Beef has been a centerpiece of the American diet dating all the way back to Colonial times when low population density and large acreage allowed for more production compared to Europe and other countries. In fact, historians believe beef’s relative ubiquity was a major draw for immigrants.
Per capita consumption may not be as high as its heyday in the 1970s now that consumers diversify their diets with other animal proteins, as well as plant-based alternatives. Nevertheless, beef remains a mealtime favorite both in restaurants and at home. Its popularity around the world also makes it an ideal canvas for chefs to incorporate more global flavors.
It’s especially remarkable that beef sales soared last year considering that prices also increased dramatically. In 2020, retail prices for beef were 9.7 percent higher than the previous year. The last time prices rose so sharply was 2014 when they increased 13.4 percent compared to the year prior. If the patterns hold true in foodservice, restaurants might consider paying more for their supply to win consumers. (Cattle Buyers Weekly)
Unlike water, beef doesn’t freeze at 32 degrees Fahrenheit, so the best temperature to store it is between 28 and 30 degrees. To ensure the best quality, it’s best kept in the coldest part of a walk-in freezer. (Russ Pagano, Cargill Foodservice)
The price of beef runs the gamut, which offers restaurants some flexibility in building their menus.
Most expensive: A5 Wagyu (from Kobe, Japan)
Least expensive: Shoulders (chuck), Rear (rounds)
(Russ Pagano, Cargill Foodservice)
In 2020, burgers were the most popular menu item for full-service restaurants across the board, from family and casual to upscale and fine dining. Oddly enough it was only the third top-selling item for limited-service brands. And while burgers can comprise all sorts of proteins, beef remains the quintessential patty. (National Restaurant Association)
The pandemic may have devastated the restaurant industry, but it proved a boon to certain commodities, including beef. In 2020, beef sales shot up 22.5 percent in terms of dollars and 11.3 percent in terms of pounds. In fact, beef accounted for 61 percent of growth in the fresh meat sector. (Nielsen IQ and Dynata, via National Cattlemen’s Beef Association)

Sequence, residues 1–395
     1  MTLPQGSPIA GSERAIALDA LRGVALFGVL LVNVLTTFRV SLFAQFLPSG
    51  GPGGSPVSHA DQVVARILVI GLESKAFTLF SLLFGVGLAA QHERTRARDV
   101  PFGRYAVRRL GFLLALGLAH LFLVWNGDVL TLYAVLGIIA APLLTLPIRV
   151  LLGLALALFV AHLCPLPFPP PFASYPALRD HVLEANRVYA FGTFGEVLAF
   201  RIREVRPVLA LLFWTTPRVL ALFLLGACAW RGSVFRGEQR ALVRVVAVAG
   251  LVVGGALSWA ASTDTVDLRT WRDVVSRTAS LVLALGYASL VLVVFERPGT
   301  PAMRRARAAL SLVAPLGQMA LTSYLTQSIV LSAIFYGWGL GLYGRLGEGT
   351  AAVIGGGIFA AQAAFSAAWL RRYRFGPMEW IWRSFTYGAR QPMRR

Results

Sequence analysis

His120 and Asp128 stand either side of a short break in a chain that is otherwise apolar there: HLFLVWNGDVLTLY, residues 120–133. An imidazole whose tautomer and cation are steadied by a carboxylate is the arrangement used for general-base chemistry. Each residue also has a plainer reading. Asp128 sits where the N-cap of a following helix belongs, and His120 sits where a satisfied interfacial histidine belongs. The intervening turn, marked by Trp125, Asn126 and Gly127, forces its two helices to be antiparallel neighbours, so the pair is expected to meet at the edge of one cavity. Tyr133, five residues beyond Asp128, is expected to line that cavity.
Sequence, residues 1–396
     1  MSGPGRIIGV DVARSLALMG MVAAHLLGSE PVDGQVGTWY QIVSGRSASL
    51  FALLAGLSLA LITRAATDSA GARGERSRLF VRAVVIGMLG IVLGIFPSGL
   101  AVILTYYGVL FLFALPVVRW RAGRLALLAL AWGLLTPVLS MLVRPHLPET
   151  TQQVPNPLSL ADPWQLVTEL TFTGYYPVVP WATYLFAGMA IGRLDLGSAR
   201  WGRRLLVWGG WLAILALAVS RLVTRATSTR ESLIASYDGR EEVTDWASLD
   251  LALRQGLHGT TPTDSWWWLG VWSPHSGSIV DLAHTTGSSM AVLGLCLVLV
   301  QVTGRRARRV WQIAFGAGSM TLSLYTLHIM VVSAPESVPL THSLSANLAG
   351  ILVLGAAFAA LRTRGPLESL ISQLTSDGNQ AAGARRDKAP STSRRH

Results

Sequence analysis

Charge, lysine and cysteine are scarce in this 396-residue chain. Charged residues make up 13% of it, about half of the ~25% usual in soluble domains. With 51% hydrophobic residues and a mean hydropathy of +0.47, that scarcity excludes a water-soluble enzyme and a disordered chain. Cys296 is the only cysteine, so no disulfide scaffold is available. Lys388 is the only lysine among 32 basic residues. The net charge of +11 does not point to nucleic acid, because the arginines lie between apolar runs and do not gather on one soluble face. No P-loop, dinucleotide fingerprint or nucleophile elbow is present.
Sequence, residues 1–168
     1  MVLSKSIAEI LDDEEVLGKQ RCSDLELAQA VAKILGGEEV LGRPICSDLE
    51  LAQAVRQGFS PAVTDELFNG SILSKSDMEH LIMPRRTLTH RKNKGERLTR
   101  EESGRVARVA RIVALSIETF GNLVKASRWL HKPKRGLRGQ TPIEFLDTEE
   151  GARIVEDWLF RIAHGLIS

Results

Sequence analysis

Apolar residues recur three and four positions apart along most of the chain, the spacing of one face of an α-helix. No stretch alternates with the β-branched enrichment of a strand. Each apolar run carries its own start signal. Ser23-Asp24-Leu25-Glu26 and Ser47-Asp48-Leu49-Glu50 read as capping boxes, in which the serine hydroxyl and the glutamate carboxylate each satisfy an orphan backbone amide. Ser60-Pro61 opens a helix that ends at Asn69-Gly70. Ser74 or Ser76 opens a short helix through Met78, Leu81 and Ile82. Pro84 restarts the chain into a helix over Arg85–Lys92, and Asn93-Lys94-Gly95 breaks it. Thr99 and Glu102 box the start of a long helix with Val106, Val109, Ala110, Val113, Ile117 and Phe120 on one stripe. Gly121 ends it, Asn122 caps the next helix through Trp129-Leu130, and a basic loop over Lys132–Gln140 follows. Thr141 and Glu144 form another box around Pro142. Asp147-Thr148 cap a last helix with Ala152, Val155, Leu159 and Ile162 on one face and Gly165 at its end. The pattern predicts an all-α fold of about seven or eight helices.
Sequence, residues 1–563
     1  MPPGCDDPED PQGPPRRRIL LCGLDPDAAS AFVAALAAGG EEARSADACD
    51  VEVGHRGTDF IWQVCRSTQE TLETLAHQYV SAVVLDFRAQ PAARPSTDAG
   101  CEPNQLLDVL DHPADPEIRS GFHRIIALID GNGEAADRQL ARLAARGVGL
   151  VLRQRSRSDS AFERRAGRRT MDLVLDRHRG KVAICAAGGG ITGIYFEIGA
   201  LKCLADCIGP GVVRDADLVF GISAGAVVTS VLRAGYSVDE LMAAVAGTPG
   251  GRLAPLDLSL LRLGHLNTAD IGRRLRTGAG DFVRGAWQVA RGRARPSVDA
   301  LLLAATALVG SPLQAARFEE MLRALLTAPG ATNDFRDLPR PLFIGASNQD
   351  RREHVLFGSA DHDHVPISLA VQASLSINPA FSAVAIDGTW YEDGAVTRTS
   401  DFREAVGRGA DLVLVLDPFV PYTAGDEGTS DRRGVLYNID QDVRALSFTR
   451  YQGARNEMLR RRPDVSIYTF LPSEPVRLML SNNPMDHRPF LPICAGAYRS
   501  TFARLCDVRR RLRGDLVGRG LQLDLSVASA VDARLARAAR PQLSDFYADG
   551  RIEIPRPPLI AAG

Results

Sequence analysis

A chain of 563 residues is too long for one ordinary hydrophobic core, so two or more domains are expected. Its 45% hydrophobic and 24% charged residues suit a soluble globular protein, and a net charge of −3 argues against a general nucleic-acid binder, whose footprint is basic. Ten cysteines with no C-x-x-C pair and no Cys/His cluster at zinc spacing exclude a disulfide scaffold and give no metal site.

America has a longstanding love for beef, whether served as a humble burger or a fine-dining filet—and it also has the supply to meet demand. The U.S. is the largest beef producer in the world, yielding about 12.5 million metric tons—or about 20 percent of the total global supply—each year. Brazil clocks in second with 10.3 million tons, followed by the European Union at 7.8 million tons. (U.S. Department of Agriculture, Food and Agriculture Organization)
Mac’s on Main
Dallas—At Mac’s on Main, chef and owner Rena Frost plays with texture and flavor profiles for a lighter take on the beef entrée. The savory notes of grass-fed, Australian sirloin are balanced by a chipotle-honey vinaigrette while a jicama salad brings a global flourish and fresh crunch to the dish.
Minneapolis—Lengua (meaning tongue in Spanish) is an inherently tough muscle, but in the hands of an expert, it can be incredibly flavorful. At newly opened Petite León, chef and owner Jose Guzmán thinly slices the rich meat before brightening it with house-pickled-andcharred cucumbers and piri-piri.
Arlington, Virginia—Specializing in Balkan cuisine, Ambar in Northern Virginia elevates the typical goulash, a hearty Eastern European dish. Instead of using ground beef, the restaurant slow-braises short ribs from Wells Family Farm in red wine reduction for five hours before combining the tender meat with trofie pasta.